The unnecessary controversy created by opposition politicians and their supporters over the decision by the Government of India to lift the ban to supply hydroxychloroquine (HCQ) — an anti-malaria drug that some believe could be a treatment for Coronavirus — to its neighbours and to the United States, Brazil, and other countries in dire need, is nothing more than an attempt to brew a storm in a teacup.
The decision of Prime Minister Narendra Modi to share the drug with other countries in a crisis-situation like this, wherein a large number of people are dying every day, is truly commendable. Modi should be praised for the effort, not criticised. The Prime Minister has always followed the philosophy of Vasudhaiva Kutumbakam, which means “the world is one family”.
“Extraordinary times require even closer cooperation between friends. Thank you India and the Indian people for the decision on HCQ. Will not be forgotten! Thank you Prime Minister @NarendraModi for your strong leadership in helping not just India, but humanity, in this fight!”, U.S. President Donald Trump tweeted yesterday. A sizeable chunk of the 29 million doses of HCQ bought by the U.S. to combat the coronavirus pandemic is from India, Trump said during a TV interview on Monday night. Trump also said PM Modi was “great” when he sought his help to allow exports of the anti-malarial drug to treat Covid-19 patients in the U.S.
Modi acknowledged Trump’s gratitude with this tweet: “Fully agree with you President @realDonaldTrump Times like these bring friends closer. The India-US partnership is stronger than ever. India shall do everything possible to help humanity’s fight against COVID-19. We shall win this together.”
Latin America’s biggest country has referred to Ramayana while making a request for export of HCQ to fight Covid-19. Brazil’s President Jair Bolsonaro, in a letter to Modi, wrote, “Just as Lord Hanuman brought the holy medicine from the Himalayas to save the life of Lord Rama’s brother Lakshmana, and Jesus healed those who were sick and restored the sight to Bartimeu, India and Brazil will overcome this global crisis by joining forces and sharing blessings for the sake of all peoples.”
Sri Lanka‘s President Gotabaya Rajapaksa has thanked the Indian government for sending essential medicines after India sent a 10-tonne consignment to to its southern neighbour through a special charter flight. “I wish to convey my heartfelt appreciation to Hon PM @narendramodi, Govt & people of #India for your warm gesture in sending medicines to #LKA on a special chartered flight. Your kind & generous support is deeply appreciated in this hour of need”, he tweeted yesterday.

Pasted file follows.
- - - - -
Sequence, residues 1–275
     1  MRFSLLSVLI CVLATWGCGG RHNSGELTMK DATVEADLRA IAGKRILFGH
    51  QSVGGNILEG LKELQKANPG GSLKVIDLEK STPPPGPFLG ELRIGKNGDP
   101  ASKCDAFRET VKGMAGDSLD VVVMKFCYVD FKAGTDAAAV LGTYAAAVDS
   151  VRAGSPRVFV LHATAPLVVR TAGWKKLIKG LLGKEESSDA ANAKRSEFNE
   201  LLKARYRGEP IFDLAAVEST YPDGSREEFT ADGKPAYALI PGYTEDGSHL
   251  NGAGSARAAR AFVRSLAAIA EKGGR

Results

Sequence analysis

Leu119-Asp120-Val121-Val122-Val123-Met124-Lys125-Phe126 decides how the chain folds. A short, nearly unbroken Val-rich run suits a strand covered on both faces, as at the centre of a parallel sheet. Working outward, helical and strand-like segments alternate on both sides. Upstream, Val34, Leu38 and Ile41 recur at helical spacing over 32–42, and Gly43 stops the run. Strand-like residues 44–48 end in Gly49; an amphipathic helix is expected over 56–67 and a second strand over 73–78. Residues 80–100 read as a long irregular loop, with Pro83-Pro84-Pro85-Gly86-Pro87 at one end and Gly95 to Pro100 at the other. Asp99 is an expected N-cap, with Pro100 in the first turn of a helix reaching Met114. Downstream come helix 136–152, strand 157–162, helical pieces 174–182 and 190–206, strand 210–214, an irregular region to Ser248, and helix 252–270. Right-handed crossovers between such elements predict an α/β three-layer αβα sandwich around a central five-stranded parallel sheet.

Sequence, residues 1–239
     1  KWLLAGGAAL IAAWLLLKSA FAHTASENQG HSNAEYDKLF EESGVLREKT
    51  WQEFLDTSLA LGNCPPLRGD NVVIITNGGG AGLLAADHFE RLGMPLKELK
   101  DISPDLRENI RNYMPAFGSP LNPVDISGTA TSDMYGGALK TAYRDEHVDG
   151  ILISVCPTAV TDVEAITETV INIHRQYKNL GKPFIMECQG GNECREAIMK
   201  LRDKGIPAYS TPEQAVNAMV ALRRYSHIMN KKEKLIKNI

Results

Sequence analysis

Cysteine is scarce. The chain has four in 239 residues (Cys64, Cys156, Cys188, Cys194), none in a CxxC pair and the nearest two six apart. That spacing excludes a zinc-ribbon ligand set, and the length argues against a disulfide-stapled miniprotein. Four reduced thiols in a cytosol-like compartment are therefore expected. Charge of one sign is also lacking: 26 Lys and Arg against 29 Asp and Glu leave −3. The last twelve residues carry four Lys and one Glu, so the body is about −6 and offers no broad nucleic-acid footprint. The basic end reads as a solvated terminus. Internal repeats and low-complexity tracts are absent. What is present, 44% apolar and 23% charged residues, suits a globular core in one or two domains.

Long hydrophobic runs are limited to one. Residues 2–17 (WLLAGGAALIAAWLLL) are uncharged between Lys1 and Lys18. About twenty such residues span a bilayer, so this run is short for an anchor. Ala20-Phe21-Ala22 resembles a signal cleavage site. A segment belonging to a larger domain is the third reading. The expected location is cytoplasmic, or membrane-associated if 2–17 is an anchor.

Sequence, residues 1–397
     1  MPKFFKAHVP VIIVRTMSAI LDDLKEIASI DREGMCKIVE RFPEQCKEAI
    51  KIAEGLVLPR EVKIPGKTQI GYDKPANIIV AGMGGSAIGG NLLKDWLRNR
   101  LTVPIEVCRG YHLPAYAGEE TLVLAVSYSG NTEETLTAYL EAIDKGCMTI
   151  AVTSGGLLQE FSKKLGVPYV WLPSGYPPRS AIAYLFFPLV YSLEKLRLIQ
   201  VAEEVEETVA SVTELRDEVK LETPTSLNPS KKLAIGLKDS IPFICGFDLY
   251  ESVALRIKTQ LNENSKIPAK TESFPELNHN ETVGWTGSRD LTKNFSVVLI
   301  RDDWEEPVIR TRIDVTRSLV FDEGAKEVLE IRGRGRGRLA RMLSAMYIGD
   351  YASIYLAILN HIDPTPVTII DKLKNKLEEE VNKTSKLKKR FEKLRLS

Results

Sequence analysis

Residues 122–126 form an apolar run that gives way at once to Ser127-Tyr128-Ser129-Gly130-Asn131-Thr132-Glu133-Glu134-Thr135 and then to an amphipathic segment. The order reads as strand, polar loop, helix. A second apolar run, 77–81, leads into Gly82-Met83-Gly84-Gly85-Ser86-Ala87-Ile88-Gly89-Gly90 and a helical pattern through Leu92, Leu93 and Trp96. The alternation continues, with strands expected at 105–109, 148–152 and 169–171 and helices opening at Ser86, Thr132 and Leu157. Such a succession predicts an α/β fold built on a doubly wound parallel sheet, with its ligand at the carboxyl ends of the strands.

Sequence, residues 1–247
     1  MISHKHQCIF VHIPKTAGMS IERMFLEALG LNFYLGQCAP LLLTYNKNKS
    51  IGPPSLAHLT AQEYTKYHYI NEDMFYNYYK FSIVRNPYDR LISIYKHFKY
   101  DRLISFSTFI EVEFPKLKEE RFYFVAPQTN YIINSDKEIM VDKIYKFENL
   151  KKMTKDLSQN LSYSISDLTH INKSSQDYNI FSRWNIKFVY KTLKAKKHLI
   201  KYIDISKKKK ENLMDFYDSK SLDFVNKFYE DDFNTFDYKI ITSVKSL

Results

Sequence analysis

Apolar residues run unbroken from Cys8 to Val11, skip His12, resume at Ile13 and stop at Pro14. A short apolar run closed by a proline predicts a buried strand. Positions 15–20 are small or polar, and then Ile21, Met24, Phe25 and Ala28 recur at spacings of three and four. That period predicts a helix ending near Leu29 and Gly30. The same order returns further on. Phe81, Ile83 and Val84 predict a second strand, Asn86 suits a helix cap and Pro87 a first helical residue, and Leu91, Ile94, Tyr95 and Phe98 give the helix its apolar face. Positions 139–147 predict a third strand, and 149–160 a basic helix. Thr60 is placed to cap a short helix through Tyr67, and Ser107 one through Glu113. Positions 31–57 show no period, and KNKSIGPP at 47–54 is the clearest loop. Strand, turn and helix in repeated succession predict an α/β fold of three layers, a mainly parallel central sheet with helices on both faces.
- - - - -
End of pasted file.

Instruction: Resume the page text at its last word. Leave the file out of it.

As usual, the opposition had nothing good to say. They said that Modi had buckled under pressure from Trump to remove the export ban on HCQ. Rahul Gandhi tweeted: “Friendship isn’t about retaliation. India must help all nations in their hour of need but lifesaving medicines should be made available to Indians in ample quantities first”.
CPI(M) general secretary Sitaram Yechury said that the Modi-led government has let down India by succumbing to U.S. pressure.
What these opposition leaders (obviously) do not realise (or perhaps choose to remain silent about on purpose) is THE FACT THAT INDIA HAS AMPLE STOCKS OF HCQ TO TAKE CARE OF OUR POPULATION. India makes about 70% of the world’s HCQ. The country has a production capacity of 40 tonnes of HCQ every month, or 20 crore tablets of 200 mg each. Recently, the Ministry of Health and Family Welfare placed an order for around 10 crore tables with Ipca Laboratories and Zydus Cadila. Each COVID-19 patient reportedly needs 14 tablets, so the 10 crore pills ordered by the Indian government can potentially treat over 71 lakh people. Furthermore, India can easily double – or even triple – our HCQ production capacity.
It is a real shame that, even in grave times like this, losers like Rahul Gandhi and Sitaram Yechury have nothing better to do.